THE STATE OF SOUTH CAROLINA
In The Supreme Court
David Rollison, Respondent,
State of South Carolina, Petitioner.
ON WRIT OF CERTIORARI
Appeal From Greenville County
John W. Kittredge, Trial Judge
Larry R. Patterson, Post-Conviction Judge
Opinion No. 25343
Submitted April 24, 2001 - Filed August 20, 2001
Attorney General Charles M. Condon, Chief Deputy Attorney General John W. McIntosh, Assistant Deputy Attorney General G. Robert DeLoach, III, all of Columbia; and Assistant Attorney General Kathleen J. Hodges, of Greenville, for petitioner.
Assistant Appellate Defender Eleanor Duffy Cleary, of the Office of Appellate Defense, of Columbia, for respondent.
Respondent was charged with possession of crack cocaine and unlawfully carrying a pistol based on an incident in January 1995. In June 1995, he was arrested and charged with possession of crack cocaine with intent to distribute (PWID). In addition, respondent faced two drug charges from 1994 and one from 1996. Pursuant to a negotiated agreement, the State dropped the 1994 and 1996 charges, and in August 1996 respondent pleaded guilty to possession of crack cocaine, second offense PWID, and carrying a pistol. He received concurrent sentences of twenty years suspended on service of fifteen with three years' probation (PWID), five years (possession), and one year (weapons charge).
Respondent did not file a direct appeal, but did file a PCR application. Following an evidentiary hearing, he was granted a new trial on all charges. We granted the State's petition for a writ of certiorari to review this decision.
In order to obtain relief on an ineffective assistance of counsel claim, a PCR applicant must establish both that his counsel's performance fell below an objective standard of reasonableness and that he was prejudiced by counsel's deficient performance. Strickland v. Washington, 466 U.S. 668 (1984); Brown v. State, 340 S.C. 590, 533 S.E.2d 308 (2000). Further, the PCR judge's findings should be upheld if supported by any probative evidence in the record. E.g., Anderson v. State, 342 S.C. 54, 535 S.E.2d 649 (2000).
The following can be gleaned from the record: The solicitor told the trial judge at the plea that someone called the police from a Saturn car dealership to complain that a man was selling crack at the dealership. The caller said the seller always came twice on Fridays. When the man returned a second time on that Friday, someone from the dealership again called the police, who went to the location. The solicitor stated that when the police approached respondent and began questioning him, he "resisted them." When they patted him down, they found the crack.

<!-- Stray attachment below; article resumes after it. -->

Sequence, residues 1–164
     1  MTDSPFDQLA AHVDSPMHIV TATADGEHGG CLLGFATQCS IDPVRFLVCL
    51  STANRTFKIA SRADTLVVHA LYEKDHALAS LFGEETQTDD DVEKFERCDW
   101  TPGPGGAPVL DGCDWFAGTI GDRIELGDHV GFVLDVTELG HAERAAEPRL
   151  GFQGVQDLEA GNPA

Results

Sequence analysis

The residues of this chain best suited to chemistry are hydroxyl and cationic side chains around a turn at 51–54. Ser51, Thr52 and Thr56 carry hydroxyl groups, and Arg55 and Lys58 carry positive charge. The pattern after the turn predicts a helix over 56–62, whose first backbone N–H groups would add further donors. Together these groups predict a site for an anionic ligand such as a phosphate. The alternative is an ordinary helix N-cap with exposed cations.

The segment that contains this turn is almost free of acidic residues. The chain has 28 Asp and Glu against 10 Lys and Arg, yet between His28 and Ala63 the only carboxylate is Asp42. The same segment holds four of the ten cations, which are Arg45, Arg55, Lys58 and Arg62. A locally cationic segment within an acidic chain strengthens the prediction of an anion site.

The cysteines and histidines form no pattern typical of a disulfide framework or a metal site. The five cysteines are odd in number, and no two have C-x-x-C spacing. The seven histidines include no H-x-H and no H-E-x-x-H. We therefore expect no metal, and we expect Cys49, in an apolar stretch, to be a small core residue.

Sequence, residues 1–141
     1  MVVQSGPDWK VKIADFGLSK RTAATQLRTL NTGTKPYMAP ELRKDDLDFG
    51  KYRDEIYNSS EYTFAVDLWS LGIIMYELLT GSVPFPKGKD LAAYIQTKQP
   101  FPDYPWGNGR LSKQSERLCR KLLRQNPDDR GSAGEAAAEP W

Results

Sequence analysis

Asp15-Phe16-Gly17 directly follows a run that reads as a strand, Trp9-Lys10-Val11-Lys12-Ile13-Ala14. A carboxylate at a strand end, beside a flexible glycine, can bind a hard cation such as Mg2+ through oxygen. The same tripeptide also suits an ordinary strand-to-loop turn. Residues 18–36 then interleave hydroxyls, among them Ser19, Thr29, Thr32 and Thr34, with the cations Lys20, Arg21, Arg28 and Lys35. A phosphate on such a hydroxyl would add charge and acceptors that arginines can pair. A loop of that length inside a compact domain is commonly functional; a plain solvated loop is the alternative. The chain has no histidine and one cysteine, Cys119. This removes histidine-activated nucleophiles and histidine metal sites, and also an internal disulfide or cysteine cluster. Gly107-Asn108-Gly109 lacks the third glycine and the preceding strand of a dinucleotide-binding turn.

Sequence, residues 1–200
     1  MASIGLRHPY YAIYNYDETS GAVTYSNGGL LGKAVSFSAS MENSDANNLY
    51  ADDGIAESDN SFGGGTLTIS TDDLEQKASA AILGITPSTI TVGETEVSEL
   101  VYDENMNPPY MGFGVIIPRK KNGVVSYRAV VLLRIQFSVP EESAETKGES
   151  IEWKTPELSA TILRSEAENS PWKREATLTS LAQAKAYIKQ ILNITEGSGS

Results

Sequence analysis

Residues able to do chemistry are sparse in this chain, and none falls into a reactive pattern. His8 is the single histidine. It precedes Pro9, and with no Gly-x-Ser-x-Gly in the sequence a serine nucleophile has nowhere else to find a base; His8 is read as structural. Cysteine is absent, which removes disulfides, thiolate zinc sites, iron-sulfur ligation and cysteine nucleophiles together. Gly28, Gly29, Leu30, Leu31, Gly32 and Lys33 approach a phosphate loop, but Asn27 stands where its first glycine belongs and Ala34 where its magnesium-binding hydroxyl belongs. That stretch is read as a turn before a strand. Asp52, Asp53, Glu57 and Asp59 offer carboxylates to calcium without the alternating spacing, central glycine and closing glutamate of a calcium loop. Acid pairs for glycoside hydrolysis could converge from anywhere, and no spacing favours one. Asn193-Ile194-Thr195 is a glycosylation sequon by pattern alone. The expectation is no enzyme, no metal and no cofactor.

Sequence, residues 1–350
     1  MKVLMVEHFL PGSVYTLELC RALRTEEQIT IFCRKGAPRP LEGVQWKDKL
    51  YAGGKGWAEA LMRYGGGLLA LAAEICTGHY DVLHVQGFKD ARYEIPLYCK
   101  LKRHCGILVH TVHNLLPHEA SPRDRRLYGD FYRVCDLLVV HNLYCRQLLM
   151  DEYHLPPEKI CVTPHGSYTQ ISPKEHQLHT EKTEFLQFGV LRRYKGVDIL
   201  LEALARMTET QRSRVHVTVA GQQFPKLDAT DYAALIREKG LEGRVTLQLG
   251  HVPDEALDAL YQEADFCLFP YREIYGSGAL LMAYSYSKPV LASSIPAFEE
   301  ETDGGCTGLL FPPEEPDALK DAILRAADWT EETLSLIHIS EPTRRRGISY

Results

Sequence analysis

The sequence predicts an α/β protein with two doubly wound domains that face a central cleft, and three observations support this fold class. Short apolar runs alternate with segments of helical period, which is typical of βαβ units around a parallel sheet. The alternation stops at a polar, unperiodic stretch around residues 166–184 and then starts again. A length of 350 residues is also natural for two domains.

According to the arrest warrant affidavit, however, the officer went to the dealership and observed respondent standing beside a vehicle. Respondent and the car matched the caller's description. The officer approached respondent and began a weapons pat-down. Respondent became combative, and after using "necessary force," marijuana was found in his pocket. The search incident to the arrest revealed the crack cocaine.
A reading of the affidavit in isolation raises a question regarding the legality of the weapons frisk. See Ybarra v. Illinois, 444 U.S. 85 (1979) (police must have a reasonable belief the defendant is armed and dangerous before they may conduct a weapons frisk). Respondent cannot rely upon this document alone, however, to establish his ineffective assistance claim, especially since the solicitor's rendition of facts at the plea show no constitutional error. Respondent must also show prejudice, that is, that had his trial attorney challenged the frisk, there is a reasonable probability that she would have prevailed in a suppression hearing.
"Failure to conduct an independent investigation does not constitute ineffective assistance of counsel when the allegation is supported only by mere speculation as to the result." Moorehead v. State, 329 S.C. 329, 496 S.E.2d 415 (1998). Here, we are left to speculate whether, in fact, the search was unconstitutional. The PCR judge's finding that "without further investigation by Defense Counsel it would be impossible to decide on the legality of the search" is an insufficient basis upon which to order PCR. Assuming that trial counsel's failure to investigate the circumstances surrounding the search fell below an objective standard of reasonableness, respondent did not meet his burden of showing resulting prejudice. We therefore reverse the grant of PCR on this ground. Jackson v. State, 329 S.C. 345, 495 S.E.2d 768 (1998) (grant of PCR must be reversed where no prejudice is shown).
The PCR judge also found trial counsel ineffective in allowing respondent to plead to second offense PWID at the same time he was pleading guilty to his first drug offense. Respondent contended, and the PCR judge agreed, that respondent and the plea judge (1) were not "clearly informed" that the PWID charge was being "enhanced" to a second offense based upon the simultaneous plea to the possession charge. We find respondent knowingly, intelligently, and voluntarily agreed to plead guilty to both offenses as part of a plea bargain in which the State agreed to drop three other drug charges. We therefore reverse the grant of PCR on this ground.